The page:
at the Wedding
by: Noah Baumbach
Kidman, Jack Black, Jennifer
Jason Leigh, Flora Cross, Zane
Short: Nicole Kidman tears up the scenery
and Jack Black bares all in this compelling
family drama from the writer-director of “The
Squid and the Whale.”
Deconstructing Dysfunctional Sibling Rivalry
by Jenny Peters
Noah Baumbach has a keen sense of family dynamics.
He proved that in 2005, with “The
Squid and the Whale,” which won him a 2006
Academy Award nomination for Best Original Screenplay. “Margot
at the Wedding” is Baumbach’s latest look
at how families work, this time focusing on two long-estranged
sisters who reunite for the wedding of the younger.
Nicole Kidman is Margot, a very successful, very self-involved
author, who brings her teen son, Claude (newcomer Zane
Pais, who gives a terrific performance) along as she
returns to her family home, where her sister Pauline
lives. Pauline is about to marry Malcolm (Jack Black);
that is, until her judgmental sister arrives and begins
to sow dissent and discord in her wake.
the serio-comic story unfolds, it becomes obvious that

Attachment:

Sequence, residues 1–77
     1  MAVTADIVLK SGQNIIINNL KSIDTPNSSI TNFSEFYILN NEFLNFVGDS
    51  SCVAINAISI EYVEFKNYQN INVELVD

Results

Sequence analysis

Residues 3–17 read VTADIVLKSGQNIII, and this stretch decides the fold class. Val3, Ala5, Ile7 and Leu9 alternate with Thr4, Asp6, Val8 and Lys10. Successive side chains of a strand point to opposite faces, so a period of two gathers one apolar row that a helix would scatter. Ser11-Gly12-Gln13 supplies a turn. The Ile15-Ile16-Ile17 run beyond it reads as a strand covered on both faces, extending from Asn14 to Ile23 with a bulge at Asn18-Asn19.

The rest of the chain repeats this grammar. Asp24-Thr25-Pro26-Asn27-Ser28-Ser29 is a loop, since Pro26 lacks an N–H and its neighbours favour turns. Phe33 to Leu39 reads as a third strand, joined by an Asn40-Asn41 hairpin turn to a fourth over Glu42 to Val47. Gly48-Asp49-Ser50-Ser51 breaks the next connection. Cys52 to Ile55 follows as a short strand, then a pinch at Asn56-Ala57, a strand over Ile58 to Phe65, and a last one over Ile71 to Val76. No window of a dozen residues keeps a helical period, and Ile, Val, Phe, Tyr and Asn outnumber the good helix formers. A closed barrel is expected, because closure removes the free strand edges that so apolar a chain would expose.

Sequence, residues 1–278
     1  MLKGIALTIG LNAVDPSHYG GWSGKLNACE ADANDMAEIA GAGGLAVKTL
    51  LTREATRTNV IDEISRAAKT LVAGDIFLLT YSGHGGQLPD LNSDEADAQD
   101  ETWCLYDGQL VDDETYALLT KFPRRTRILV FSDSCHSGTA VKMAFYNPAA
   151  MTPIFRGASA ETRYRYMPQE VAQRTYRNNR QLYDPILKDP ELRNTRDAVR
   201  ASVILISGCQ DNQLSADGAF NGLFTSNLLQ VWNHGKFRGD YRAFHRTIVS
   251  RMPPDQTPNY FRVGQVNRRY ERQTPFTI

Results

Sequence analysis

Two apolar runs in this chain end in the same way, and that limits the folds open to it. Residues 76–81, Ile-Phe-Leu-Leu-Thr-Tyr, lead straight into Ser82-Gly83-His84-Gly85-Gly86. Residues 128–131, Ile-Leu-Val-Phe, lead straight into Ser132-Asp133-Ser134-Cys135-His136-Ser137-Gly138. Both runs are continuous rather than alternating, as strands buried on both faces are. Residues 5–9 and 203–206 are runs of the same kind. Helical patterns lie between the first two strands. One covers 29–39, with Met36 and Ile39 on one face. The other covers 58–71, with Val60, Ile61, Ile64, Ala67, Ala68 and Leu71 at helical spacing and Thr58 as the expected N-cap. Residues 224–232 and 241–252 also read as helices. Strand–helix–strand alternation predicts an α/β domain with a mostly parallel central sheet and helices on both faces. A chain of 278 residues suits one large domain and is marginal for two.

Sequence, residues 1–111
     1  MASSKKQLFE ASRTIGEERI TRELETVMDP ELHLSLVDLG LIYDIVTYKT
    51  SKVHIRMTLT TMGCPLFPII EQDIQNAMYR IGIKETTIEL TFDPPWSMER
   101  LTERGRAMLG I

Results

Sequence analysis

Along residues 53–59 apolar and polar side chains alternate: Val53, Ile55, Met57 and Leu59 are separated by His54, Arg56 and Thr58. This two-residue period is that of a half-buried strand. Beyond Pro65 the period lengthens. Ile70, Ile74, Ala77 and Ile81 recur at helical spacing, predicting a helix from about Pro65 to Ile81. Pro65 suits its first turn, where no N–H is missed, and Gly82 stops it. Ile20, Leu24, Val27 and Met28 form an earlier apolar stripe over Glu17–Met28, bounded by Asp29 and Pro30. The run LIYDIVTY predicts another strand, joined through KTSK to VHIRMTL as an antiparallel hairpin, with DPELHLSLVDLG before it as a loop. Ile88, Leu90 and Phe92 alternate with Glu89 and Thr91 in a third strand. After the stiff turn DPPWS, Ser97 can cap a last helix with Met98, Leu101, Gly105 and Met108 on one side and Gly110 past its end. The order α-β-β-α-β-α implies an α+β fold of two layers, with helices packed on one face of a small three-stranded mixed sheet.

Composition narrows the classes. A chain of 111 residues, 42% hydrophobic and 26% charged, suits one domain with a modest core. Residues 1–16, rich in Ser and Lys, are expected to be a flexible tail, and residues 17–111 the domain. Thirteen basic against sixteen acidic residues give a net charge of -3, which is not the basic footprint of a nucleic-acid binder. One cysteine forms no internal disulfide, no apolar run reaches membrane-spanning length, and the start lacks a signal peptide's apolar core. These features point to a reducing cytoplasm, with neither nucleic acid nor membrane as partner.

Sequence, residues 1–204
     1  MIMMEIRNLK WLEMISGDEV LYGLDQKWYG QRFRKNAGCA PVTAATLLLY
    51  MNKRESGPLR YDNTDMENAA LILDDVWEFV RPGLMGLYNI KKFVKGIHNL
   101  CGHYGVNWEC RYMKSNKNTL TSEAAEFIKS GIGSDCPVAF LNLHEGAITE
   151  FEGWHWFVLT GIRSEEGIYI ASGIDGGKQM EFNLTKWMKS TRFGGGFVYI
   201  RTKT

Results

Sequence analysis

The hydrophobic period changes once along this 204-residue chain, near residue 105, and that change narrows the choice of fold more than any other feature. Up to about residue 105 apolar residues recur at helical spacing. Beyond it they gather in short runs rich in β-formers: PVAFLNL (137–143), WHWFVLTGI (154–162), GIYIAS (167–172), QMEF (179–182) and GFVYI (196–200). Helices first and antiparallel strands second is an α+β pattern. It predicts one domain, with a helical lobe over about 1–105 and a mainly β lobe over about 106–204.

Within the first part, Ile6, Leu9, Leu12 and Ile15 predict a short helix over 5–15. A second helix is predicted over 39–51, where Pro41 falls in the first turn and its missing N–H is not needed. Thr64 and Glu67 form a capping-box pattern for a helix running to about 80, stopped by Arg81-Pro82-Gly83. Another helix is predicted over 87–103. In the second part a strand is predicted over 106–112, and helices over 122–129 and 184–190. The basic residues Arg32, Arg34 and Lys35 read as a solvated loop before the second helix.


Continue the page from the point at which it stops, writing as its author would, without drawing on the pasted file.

Margot’s life is a real mess, as she’s mired
in an unhappy affair, is on the verge of divorcing her
husband, and perhaps even close to having a nervous breakdown.
But those are facts that she will not admit, instead finding
it easier to focus on making her sister miserable about
her life choices.
densely-layered look at how sibling rivalry remains a life
constant, no matter how much time passes, is a well-written
and well-acted endeavor, with extremely believable characters.
Jack Black’s schlubby, needy take on Malcolm is particularly
good, even though seeing the chubby actor in a small pair
of tighty whities isn’t exactly a high point in the
history of cinema beefcake.
Jason Leigh (who happens to be married to Baumbach)
is terrific as the woman who can’t help but
be influenced by her harsh older sister, and Kidman
(an actress who is often so mannered she is annoying
to watch) seems born to play this character, with
just the right edge of icy conceit paired with deep
while there’s no reason to see this film in the
theaters in terms of visual excitement, it is certainly
a worthwhile picture to check out, whether now on the
big screen or later on DVD.